School Bus Transportation

Parents who share custody equally and live in the same school district are entitled to have their children bused to both homes as a result of a central Pennsylvania father’s appeal to the Pennsylvania Commonwealth Court this year.

In the case appealed, the parents lived in separate residences in the same school district, sharing custody of a middle-school-age child on an alternating weekly schedule. As a cost-cutting measure, the school district stopped providing students with bus transportation to multiple locations and designated the child’s bus stop as the one at his mother’s home. The school district’s decision forced the father to hire a caregiver to drive the child to school because the father’s work schedule prevented him from driving the child himself.

The court noted that there was a regular bus route through the father’s neighborhood, with a bus stop the child had previously used. The court also noted that the Pennsylvania School Code requires that when school districts elect to provide free bus transportation, they must do so for all ‘resident’ students. The School Code further requires that no student shall travel more than a mile and a half to the bus stop. Observing that resident students cannot demand ‘door to door’ transportation, the court found that the mother’s home was more than a mile and a half from the father’s home and that the district could not rely on the mother’s bus stop during the father’s periods of physical custody of the child. Emphasizing that the child qualified as a “resident’ student at each of his parents’ homes, the court ordered the district to resume busing to and from both homes.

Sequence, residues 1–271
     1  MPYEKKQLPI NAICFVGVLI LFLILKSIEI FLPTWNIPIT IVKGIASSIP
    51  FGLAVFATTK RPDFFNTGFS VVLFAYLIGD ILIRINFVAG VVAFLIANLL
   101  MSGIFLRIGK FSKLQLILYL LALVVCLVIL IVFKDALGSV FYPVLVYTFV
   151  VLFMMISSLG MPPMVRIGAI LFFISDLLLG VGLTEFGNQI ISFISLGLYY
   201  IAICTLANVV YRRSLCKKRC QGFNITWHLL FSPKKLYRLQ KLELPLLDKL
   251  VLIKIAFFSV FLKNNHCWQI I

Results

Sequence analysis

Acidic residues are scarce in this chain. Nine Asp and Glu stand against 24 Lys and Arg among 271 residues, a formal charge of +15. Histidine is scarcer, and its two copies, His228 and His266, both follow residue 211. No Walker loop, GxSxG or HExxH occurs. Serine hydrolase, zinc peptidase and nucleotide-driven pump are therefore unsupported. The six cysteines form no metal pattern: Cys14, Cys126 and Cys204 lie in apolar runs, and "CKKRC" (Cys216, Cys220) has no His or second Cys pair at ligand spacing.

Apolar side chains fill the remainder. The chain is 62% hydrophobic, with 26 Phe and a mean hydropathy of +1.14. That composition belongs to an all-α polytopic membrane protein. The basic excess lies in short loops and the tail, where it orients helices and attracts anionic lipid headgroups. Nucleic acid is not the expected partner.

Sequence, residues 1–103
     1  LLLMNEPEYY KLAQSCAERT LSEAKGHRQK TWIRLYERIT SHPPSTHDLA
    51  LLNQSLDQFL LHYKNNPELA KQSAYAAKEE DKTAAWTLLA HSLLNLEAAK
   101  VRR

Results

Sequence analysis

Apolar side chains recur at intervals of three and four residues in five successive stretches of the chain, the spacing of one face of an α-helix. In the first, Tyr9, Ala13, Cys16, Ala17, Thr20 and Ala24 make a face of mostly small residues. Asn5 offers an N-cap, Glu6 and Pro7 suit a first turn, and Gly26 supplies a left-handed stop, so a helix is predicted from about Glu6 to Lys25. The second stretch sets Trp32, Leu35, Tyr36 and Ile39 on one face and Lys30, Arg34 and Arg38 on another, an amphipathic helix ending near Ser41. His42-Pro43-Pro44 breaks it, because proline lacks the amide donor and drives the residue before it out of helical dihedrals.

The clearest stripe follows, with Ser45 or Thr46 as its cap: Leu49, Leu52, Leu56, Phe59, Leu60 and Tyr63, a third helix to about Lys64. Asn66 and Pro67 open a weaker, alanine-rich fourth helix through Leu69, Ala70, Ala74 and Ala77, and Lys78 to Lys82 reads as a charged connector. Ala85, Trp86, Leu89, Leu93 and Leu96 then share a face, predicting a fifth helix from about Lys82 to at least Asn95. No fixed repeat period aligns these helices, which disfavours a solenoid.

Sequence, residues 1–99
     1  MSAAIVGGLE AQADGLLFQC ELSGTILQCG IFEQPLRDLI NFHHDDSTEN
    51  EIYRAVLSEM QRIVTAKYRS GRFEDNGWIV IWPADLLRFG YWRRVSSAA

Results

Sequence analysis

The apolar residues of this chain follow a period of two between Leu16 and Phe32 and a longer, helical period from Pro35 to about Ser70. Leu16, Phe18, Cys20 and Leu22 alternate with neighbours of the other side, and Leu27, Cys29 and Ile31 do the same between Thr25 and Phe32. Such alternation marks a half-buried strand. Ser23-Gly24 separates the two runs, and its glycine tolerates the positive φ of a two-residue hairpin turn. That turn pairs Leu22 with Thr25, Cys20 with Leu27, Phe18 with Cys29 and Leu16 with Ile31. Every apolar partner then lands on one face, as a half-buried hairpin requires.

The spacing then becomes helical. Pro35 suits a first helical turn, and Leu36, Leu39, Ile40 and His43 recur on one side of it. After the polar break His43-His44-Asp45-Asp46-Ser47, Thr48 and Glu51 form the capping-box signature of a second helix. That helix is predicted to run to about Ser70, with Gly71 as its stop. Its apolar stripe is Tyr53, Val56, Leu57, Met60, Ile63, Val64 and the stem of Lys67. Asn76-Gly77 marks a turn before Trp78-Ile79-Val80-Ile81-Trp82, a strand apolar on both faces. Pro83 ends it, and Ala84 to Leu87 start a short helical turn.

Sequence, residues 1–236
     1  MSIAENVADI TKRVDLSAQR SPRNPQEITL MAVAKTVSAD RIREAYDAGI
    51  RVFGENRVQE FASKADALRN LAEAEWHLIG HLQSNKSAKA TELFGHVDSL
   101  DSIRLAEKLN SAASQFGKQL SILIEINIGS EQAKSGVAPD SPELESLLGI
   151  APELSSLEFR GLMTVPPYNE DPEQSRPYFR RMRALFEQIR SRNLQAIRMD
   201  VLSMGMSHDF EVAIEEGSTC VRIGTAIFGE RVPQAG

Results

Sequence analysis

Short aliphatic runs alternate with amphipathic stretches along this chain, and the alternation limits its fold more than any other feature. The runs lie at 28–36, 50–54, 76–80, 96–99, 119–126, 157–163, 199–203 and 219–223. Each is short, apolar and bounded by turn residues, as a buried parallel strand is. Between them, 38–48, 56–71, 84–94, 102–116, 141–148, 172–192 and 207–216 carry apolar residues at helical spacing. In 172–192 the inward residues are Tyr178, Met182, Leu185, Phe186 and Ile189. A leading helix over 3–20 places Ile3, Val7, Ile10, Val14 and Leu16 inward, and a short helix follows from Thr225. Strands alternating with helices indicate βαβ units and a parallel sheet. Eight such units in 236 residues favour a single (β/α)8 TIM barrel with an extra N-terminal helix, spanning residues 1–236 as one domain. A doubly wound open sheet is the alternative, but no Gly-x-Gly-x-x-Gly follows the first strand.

Throughout the opinion, the court referred to the custody arrangement as “equal” and “equally shared.” The court also recognized that school districts have very broad discretion in how they manage their transportation systems. It is not clear what rights parents may have to bus transportation from both homes when custody is not equally shared. But the court’s firm recognition that a child is a resident of a school district, whether or not his or her home is a “primary’ residence, leaves room for parents with split, but not equal, custody to seek busing to both homes.

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